It didn't feel right to talk about Christmas presents without mentioning some kind of souped-up turbocharged Crayola set, so here we go. I asked for a set like this nearly every Christmas, not because I was a freaky crayon addict, and not because I one of those kids who ate crayons and thus self-prophesied a yearly need for additional sets. It's just that the holidays didn't feel right without brand new crayons.
I think it was more for "the spread." Even if you don't know what I mean by "the spread," you've done it, too. "The spread" usually took place late in the day on Christmas. It's when you gathered up all the gifts you received, and put them on group display on a couch or a bed. It was a Kodak moment, but you weren't there for pictures. "The spread" let you soak in the greatness of all of your Christmas presents simultaneously, and it was the only proper way to correctly judge the sum worth of the particular year's gift haul.
I liked having crayons in "the spread." Ever notice how the group product photos on the front covers of toy catalogs always toss an old fashioned wooden plane or teddy bear in with all of the new video games, dolls and action figures? The appeal was sort of the same. Like those wooden planes or random teddy bears, the crayons were storied and soulful. They made all the dumb crap we really wanted look more poignant just by standing next to it.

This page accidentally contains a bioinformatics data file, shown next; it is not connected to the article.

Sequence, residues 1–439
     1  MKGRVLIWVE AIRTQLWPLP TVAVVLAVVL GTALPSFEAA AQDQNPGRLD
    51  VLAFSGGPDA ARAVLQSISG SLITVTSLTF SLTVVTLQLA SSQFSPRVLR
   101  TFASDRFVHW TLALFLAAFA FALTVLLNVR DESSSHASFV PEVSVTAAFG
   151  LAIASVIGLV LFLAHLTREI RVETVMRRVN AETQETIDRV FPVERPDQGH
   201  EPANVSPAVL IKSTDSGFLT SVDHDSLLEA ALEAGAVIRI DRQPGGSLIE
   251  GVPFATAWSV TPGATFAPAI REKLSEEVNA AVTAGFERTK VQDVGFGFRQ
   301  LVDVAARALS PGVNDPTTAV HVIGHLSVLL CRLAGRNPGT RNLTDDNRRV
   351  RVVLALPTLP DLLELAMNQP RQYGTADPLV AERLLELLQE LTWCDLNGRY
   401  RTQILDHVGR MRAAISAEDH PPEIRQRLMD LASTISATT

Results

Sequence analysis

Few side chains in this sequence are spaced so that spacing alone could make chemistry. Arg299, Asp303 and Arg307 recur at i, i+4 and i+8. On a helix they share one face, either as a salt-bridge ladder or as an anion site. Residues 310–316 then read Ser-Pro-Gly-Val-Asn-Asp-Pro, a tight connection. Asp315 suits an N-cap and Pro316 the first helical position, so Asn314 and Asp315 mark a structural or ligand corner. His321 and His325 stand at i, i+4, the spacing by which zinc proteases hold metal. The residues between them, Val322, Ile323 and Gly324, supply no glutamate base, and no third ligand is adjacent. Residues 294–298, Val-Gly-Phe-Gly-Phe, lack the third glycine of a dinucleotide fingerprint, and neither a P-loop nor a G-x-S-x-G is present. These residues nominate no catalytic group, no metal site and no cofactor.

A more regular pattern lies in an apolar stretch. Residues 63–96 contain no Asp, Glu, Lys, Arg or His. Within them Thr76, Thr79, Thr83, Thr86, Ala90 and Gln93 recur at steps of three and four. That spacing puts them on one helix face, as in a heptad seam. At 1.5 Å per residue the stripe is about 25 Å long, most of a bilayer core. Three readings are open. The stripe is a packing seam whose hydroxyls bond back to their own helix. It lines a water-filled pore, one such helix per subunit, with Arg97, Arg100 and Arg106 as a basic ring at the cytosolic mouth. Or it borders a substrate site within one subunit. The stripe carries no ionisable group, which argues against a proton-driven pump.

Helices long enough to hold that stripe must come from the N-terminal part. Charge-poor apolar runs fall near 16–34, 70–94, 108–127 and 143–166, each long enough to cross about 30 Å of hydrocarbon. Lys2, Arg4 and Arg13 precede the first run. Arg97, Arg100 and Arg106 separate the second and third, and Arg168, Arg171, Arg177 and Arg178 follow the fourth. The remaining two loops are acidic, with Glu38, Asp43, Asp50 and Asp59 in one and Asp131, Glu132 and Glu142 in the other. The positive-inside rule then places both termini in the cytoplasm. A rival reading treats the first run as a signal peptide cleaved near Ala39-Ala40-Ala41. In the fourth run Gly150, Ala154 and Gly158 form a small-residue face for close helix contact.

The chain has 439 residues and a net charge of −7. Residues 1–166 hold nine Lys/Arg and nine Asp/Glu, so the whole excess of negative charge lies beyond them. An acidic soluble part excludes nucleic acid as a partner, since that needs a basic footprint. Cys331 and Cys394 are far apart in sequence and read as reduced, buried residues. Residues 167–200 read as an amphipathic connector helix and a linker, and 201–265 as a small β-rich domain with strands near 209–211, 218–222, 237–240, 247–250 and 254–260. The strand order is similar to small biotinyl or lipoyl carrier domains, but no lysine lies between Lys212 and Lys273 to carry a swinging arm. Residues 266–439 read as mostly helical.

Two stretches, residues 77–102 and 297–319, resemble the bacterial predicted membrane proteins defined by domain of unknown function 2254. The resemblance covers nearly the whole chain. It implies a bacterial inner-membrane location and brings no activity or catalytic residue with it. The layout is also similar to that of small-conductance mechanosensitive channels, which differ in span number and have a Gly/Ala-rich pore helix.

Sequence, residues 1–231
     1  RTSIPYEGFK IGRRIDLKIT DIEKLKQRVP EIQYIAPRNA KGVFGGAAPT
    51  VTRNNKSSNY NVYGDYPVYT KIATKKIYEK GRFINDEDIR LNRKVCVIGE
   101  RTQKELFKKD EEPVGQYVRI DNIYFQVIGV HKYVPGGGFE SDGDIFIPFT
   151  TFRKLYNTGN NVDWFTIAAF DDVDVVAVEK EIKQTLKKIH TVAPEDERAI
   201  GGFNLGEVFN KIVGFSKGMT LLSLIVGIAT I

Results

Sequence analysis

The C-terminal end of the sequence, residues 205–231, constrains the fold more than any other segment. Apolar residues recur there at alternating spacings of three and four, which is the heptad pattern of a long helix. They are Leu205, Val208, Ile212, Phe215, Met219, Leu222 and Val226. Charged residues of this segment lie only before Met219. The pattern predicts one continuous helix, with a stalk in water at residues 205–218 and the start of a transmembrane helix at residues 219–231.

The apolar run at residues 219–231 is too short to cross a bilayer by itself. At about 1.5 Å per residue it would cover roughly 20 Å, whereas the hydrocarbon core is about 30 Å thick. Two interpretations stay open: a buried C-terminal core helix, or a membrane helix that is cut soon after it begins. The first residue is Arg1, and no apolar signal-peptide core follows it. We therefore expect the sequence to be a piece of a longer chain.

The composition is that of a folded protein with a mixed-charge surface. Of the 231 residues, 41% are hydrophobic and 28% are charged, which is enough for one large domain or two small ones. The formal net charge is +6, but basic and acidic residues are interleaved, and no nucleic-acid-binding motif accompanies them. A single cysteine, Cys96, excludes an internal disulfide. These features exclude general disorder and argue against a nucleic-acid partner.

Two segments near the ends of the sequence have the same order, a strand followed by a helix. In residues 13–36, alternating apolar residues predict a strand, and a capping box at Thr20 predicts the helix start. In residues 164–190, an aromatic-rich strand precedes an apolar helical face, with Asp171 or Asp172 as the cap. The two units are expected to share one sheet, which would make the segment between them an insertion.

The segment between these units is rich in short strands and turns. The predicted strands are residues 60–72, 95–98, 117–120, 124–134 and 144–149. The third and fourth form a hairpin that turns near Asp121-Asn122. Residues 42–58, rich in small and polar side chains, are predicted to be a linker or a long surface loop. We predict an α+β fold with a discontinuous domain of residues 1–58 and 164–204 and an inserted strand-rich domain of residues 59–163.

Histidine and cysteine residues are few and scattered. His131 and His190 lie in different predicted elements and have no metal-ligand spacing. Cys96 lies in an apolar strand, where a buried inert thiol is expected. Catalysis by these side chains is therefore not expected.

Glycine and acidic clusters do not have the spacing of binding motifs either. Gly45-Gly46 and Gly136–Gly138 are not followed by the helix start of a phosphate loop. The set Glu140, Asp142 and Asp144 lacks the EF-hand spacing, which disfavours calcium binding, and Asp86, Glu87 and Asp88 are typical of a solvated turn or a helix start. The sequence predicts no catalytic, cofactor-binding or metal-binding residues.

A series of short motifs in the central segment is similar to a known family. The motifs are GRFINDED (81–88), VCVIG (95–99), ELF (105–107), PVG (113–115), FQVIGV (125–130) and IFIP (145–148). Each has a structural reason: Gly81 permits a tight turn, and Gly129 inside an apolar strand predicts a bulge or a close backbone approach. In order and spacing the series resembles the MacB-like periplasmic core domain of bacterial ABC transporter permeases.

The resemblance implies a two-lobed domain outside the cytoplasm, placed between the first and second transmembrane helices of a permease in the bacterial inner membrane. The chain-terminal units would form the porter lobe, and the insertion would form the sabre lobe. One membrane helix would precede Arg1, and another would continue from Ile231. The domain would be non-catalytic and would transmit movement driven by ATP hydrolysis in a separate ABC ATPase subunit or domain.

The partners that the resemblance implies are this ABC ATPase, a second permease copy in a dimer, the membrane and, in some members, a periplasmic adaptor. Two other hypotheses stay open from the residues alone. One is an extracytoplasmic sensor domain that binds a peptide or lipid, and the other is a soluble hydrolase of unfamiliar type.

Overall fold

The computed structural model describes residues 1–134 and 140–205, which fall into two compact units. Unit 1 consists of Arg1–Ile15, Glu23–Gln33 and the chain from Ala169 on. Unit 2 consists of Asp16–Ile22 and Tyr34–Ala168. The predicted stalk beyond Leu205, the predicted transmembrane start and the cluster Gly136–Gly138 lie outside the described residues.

Plus, I had kind of a fetish going for silver crayons, and they were always guaranteed to be included with sets this large.
With three older brothers, I was born a Star Wars fan. In my youth, I spent twice as much time with my Star Wars toys than I did with any family or friends. I remember everything about them, from the peculiar plastic scent that eminated from an action figure when it was first freed from its package, to the little holes on said figures' feet, which let them stand safely upright in the Ewok Village and Millenium Falcon. Kenner's original Star Wars collection is my favorite toy line of all time, and though I've often claimed to have owned every figure in the series, that just isn't true. I never got the "Power of the Force" figures.
Well, maybe during my adult collecting years, I picked up a few. That doesn't count, since I was too old to make them date my four-inch Leia without feeling schmucky.